Most Common Food Allergies in Cats

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Is your cat itching and scratching more frequently than before? If so, be aware: he may have food allergies.

Food allergies account for about 10% of all the allergies seen in cats. Following flea bite allergies and inhalant allergies, food allergies account for nearly 60% of an increase in itching and scratching in cats.

And unlike flea bites, food allergies are not developed overnight, but point to the presence of an allergen—the allergy-causing food—in your cat’s system for a long period of time.

Read on to find out the most common food allergies found in felines, and what you can do if you suspect your cat is afflicted.

Most Common Food Allergies In Cats

Beef, Lamb, and Seafood

Beef, lamb, and seafood such as fish are common proteins that can lead to allergies in cats. Though seemingly impossible to avoid, several cat food manufacturers today use alternative meats, such as venison and duck.

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Meat Byproducts

Meat byproducts are the non-rendered clean parts of an animal. This includes organs that humans do not eat, like the skin and other pieces including the tail or hoof. Cat food manufacturers often use meat byproducts, which are cheaper but provide less nutritious value than the actual meat.

Corn

Another low-cost filler in cat foods, cornmeal and corn gluten meal have been known to cause food allergies in cats. Many cats are allergic to all forms of corn. Telltale signs of a food allergy to corn include itchy, dry skin.

Additionally, some veterinarians believe fillers such as these to be linked to diabetes in cats.

Wheat Gluten

Like corn products, wheat gluten is also used as a cat food filler. Wheat gluten is a top allergen for felines, so it’s best to avoid it.

Eggs

Sometimes, cat manufacturers will add eggs to cat food—specifically canned foods—for a boost in protein. Unfortunately, some cats will develop allergies to the egg yolks or whites.

Soy Products

Like eggs, cat food manufacturers add soy for more protein. A plant-based protein, soy is not necessary for a cat’s health.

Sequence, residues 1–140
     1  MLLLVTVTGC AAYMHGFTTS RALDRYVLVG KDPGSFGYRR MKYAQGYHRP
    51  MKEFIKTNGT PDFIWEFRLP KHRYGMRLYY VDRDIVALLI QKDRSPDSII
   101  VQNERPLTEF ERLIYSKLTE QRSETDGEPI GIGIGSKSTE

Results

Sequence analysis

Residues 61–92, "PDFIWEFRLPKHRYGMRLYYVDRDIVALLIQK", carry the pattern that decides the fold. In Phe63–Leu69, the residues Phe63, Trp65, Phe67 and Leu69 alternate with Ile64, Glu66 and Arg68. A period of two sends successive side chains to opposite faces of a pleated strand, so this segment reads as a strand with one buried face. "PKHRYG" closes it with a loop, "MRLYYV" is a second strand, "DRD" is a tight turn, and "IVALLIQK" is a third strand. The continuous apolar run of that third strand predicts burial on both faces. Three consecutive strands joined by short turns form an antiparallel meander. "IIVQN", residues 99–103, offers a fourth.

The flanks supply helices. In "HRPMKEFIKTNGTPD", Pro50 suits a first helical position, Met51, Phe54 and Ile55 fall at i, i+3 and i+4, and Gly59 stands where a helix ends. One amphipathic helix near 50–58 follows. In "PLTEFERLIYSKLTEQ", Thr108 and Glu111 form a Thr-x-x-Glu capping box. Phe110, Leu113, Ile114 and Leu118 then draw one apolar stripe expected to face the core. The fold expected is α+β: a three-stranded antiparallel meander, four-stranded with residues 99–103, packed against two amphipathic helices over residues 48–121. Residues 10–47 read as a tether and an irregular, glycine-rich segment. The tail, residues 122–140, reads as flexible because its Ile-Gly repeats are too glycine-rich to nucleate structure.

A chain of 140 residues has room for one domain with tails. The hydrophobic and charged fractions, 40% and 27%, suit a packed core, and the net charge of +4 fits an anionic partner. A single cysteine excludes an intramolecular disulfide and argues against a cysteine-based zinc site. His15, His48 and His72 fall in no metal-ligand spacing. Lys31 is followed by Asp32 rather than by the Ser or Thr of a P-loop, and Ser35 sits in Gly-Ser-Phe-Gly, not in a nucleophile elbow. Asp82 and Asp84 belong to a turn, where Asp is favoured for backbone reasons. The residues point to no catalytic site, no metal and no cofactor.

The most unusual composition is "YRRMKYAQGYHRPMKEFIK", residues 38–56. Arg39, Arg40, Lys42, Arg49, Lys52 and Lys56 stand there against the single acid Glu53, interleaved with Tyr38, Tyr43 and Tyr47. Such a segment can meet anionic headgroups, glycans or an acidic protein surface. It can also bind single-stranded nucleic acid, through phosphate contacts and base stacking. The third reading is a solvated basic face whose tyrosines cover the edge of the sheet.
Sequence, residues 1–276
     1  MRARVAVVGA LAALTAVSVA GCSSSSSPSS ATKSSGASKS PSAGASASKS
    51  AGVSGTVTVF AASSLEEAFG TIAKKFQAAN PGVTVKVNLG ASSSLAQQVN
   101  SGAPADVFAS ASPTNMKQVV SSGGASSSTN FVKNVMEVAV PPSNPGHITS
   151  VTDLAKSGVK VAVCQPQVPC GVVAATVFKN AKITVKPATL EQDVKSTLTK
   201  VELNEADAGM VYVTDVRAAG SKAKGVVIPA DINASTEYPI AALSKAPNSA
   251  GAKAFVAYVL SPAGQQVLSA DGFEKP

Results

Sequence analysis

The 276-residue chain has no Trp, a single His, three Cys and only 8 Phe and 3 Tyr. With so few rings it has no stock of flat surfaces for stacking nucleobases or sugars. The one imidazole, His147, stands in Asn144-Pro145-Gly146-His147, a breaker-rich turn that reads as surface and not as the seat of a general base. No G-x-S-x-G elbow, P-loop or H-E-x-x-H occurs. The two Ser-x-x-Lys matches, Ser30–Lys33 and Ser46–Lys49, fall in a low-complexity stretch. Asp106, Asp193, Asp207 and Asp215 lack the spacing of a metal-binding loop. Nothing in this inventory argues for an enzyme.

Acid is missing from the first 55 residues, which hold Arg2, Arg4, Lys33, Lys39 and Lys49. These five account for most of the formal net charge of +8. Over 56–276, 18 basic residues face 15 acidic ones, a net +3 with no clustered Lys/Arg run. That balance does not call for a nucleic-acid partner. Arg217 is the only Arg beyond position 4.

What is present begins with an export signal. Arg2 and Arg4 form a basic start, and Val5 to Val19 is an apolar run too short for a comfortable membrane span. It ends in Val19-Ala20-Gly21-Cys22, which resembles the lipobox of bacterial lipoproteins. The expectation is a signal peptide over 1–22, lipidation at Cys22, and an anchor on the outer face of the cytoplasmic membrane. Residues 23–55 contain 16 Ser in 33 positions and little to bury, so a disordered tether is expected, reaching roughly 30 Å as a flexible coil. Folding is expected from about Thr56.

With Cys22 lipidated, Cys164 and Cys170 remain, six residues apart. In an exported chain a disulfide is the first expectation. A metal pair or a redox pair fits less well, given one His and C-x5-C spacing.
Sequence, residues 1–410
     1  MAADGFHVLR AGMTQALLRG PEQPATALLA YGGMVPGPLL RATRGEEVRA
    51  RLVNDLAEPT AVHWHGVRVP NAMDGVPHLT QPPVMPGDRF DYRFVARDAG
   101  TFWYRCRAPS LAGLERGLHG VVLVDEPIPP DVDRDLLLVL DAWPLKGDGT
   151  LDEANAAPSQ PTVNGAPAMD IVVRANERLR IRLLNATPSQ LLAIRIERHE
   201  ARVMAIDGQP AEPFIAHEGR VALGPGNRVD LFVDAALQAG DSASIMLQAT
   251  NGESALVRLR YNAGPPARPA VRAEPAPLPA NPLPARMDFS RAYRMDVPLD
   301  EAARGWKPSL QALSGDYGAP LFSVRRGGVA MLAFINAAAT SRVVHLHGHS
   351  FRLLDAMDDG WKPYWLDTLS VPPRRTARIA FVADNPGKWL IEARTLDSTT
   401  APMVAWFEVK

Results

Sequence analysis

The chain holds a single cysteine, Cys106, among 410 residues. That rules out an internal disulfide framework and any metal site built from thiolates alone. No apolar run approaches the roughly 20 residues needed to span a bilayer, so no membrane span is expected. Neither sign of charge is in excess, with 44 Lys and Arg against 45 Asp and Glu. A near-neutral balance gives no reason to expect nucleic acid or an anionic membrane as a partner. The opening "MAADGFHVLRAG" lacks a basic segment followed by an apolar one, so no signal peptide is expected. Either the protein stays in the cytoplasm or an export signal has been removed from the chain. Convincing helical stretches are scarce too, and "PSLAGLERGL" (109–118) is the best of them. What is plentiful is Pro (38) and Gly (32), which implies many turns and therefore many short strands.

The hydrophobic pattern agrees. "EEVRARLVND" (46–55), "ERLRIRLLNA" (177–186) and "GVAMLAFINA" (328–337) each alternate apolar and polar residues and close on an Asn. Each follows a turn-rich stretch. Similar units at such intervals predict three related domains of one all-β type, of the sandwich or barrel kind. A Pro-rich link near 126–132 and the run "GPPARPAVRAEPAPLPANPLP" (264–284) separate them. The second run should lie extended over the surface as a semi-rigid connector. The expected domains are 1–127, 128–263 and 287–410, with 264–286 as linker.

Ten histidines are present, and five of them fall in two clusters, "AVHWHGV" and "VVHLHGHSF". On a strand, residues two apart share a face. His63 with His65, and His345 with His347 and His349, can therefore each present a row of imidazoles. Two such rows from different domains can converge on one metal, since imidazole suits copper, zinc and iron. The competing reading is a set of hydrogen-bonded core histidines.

Dairy

Many cats develop allergies to the lactose in cow’s milk—that is, the natural sugar in the milk product. Some pet foods even add dairy products, such as milk powder or cheese, for calcium. Even quality brands are known to add milk, so be sure to check the label for dairy.

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Artificial Coloring

Organic, all-natural foods have become something of a craze for humans in the past several years. But did you know that cat foods can also contain harmful artificial ingredients, too?

Many inexpensive cat foods contain artificial food coloring, which serves no purpose other than to visually attract their human owners. Unfortunately, these dyes can cause food allergies in cats.

Preservatives

Human diets today are cautious of the harmful effects of preservatives, which have been linked to asthma-related sensitivity and allergies.

In the same way, cats can also develop food allergies to preservatives. Preservatives are used by pet food companies to lengthen the shelf life of their foods, but with harmful side effects. Some experts believe that artificial preservatives found in cat foods such as BHA and BHT may be carcinogens—cancer-causing substances.

Symptoms of Food Allergies in Cats

Be on the lookout for the following symptoms, which often point to food allergies in cats:

  • Sneezing, coughing, and wheezing
  • Increased scratching
  • Ear infections, or itchy ears
  • Itchy skin
  • Itchy, runny eyes
  • Itchy back or base of tail—most common in cats with flea allergies
  • Vomiting
  • Diarrhea
  • Snoring from an inflamed throat
  • Chewing or swollen paws

If you notice any combination of these symptoms, it’s important to consult your veterinarian as soon as possible. Allergies, though irritating at first, have the potential to become life-threatening.

Your vet will work with you to identify and eliminate the offending allergens. It’s important not to eliminate foods without expert help, as doing so could throw your cat’s diet off balance.

How to Care For a Cat With Allergies

Caring for a cat with food allergies may seem overwhelming based on the full list of food allergens alone. The good news? Cat food manufacturers are becoming increasingly aware of this problem as more and more felines are diagnosed.

Several food options exist today with alternative proteins. By working with a vet to identify and eliminate the allergens in your cat’s diet, you will help your cat live a happy, healthy life.

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